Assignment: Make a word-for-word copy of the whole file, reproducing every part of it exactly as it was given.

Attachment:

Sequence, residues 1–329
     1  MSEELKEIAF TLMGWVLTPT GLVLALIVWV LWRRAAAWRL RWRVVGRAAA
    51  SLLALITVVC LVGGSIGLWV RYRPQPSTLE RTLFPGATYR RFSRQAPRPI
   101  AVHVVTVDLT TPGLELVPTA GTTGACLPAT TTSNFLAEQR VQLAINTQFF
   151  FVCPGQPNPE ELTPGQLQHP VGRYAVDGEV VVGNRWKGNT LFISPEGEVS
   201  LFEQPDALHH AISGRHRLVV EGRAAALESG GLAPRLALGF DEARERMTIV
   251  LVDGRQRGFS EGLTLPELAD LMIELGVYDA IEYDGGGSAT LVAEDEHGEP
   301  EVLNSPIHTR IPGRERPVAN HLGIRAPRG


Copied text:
Sequence, residues 1–329
     1  MSEELKEIAF TLMGWVLTPT GLVLALIVWV LWRRAAAWRL RWRVVGRAAA
    51  SLLALITVVC LVGGSIGLWV RYRPQPSTLE RTLFPGATYR RFSRQAPRPI
   101  AVHVVTVDLT TPGLELVPTA GTTGACLPAT TTSNFLAEQR VQLAINTQFF
   151  FVCPGQPNPE ELTPGQLQHP VGRYAVDGEV VVGNRWKGNT LFISPEGEVS
   201  LFEQPDALHH AISGRHRLVV EGRAAALESG GLAPRLALGF DEARERMTIV
   251  LVDGRQRGFS EGLTLPELAD LMIELGVYDA IEYDGGGSAT LVAEDEHGEP
   301  EVLNSPIHTR IPGRERPVAN HLGIRAPRG